Africa needs $100 billion infrastructure investment

Africa has potential to significantly up its already impressive medium term economic growth rate if the continent attends to infrastructure development need, says a Standard Bank executive.

Africa’s collective GDP was expected to increase from US$1.6 trillion in 2010 to US$2.6 trillion in 2015 on the back of average annual economic growth of 5.5% over that period. Standard Bank believes sufficient investment in infrastructure could boost GDP by more than that estimate, says Ntlai Mosiah, Head of Power, Infrastructure & TMT for Corporate Banking at Standard Bank.

Mosiah said African nations need to invest at least US$100-billion over the next decade to upgrade their infrastructure if they want to sufficiently tap their vast natural resource wealth and boost their economic growth trajectories, says a Standard Bank executive.

“Inadequate infrastructure is responsible for holding back potentially higher levels of economic growth,” says Mosiah.

“If Africa’s problem of inadequate and antiquated infrastructure is resolved, there is a strong chance that GDP levels could be way higher than current projections. As Africans we should not wait. The continent needs to take advantage of global demand for its commodities to build the economic infrastructure that facilitates raw material and beneficiated export and enables intra-Africa trade”

A recent World Bank study found that the poor state of electricity, water, port, road, rail and communications infrastructure especially in sub-Saharan Africa, reduced economic growth by two percentage points a year and cut productivity by as much as 40%.

Speaking ahead of the Africa Infrastructure and Power Forum Conference in Beijing, Mosiah uses the example of the vast quantity of iron ore discovered in West Africa that could attract as much as US$25-billion of infrastructure investment over the next decade.  In Mozambique, which has high quality coal reserves of more than 35 billion tons in reasonably close proximity to large Asian markets, rail and port infrastructure is likely to attract investments of more than US$20-billion over the same period. Africa as a whole will need to spend more than US$50-billion over the next 10 years to build an additional 4000km of rail infrastructure to unlock the bulk mineral resource potential that the continent holds.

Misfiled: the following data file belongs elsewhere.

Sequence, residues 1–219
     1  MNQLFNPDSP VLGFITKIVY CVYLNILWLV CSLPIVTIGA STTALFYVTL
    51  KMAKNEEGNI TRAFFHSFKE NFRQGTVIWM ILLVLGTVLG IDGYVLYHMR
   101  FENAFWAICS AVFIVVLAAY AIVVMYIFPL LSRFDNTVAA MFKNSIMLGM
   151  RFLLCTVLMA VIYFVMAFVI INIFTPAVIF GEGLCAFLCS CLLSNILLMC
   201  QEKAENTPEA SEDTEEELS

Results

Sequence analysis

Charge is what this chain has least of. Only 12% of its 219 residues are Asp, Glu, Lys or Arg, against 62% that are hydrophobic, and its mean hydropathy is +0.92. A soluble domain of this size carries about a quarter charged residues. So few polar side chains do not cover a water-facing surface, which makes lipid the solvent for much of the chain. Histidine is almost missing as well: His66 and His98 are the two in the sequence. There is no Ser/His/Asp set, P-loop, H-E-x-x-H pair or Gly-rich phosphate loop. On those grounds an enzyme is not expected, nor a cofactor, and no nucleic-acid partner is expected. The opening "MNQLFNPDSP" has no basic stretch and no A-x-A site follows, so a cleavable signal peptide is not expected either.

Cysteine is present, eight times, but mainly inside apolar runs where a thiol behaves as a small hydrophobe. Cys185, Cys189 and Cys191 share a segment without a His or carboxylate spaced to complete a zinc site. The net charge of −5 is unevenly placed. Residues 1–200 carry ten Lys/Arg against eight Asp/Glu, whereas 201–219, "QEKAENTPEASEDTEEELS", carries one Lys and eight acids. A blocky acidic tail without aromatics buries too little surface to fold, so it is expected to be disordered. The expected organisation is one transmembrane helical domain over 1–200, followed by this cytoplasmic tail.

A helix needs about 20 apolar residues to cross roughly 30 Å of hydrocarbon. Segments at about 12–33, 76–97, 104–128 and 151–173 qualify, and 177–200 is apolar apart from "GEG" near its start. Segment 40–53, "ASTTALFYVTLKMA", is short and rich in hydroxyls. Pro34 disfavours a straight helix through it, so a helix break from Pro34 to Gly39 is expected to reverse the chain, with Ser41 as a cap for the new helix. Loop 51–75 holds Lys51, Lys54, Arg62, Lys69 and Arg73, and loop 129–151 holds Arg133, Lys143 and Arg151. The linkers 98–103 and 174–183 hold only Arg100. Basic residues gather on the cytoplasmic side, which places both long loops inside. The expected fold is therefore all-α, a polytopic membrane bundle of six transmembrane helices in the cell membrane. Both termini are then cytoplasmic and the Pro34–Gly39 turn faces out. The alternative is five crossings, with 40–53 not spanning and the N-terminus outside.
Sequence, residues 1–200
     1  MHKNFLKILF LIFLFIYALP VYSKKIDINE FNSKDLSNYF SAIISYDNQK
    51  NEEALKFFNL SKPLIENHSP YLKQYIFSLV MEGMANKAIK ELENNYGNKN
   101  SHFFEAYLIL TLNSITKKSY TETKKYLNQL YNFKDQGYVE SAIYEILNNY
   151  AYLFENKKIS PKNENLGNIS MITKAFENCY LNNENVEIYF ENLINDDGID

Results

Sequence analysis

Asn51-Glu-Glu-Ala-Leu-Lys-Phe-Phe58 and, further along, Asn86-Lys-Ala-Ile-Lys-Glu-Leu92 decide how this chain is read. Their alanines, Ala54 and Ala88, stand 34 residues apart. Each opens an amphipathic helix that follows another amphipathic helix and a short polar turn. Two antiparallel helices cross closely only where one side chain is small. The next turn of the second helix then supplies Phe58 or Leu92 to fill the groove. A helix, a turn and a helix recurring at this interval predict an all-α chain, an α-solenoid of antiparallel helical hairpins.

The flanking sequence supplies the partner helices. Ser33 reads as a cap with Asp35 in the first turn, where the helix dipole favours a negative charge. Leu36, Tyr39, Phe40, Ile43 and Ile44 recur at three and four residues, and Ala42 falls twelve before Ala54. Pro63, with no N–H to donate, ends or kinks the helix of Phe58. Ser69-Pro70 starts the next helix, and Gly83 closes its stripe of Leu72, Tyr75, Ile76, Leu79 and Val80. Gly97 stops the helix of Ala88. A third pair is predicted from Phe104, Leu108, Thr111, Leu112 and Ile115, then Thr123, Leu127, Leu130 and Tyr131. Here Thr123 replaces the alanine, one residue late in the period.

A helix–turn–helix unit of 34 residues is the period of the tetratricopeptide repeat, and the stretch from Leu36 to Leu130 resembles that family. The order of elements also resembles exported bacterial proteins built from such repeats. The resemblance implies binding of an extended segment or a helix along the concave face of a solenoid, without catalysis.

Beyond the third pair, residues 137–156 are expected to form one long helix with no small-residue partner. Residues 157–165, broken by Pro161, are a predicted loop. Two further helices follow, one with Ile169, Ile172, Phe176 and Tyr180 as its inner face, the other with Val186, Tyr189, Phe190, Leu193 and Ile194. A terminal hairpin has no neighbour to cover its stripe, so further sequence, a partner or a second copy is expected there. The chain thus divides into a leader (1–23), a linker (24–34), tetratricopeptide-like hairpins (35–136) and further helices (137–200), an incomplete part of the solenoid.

Mosiah argues that South Africa should leverage its membership of the BRICS group of nations to facilitate greater investments in the development of Africa’s infrastructure. South Africa joined the BRICS group in 2010, making it part of a powerful bloc of the world’s leading emerging economies (Brazil, Russia, India and China).

“South Africa needs to use its membership of the powerful BRICS bloc to ensure that development efforts directed at Africa are channelled more at addressing the debilitating challenge of infrastructure the continent faces,” he says. “Africa’s GDP will not grow at levels that it could unless countries move faster in investing in and implementing infrastructure plans. Current macro-economic indicators together with political stability throughout Sub-Saharan Africa are pointing towards a unique wind of opportunity to kicks-start Africa’s century” It is therefore important that the BRICS Bank be established as a catalyst of other forms of capital including sovereign wealth funds, private equity, DFIs and commercial bank funding, for both large-scale infrastructure and small-to-medium size enterprise development.”

The South African government has lobbied its BRICS partners to have the BRICS Bank headquartered in Africa and if approved, this will have a positive effect on infrastructure development and job creation in the region. Jobs and infrastructure, together, are the ingredients that will be needed for further investment in education and healthcare that will bring sustainable development.

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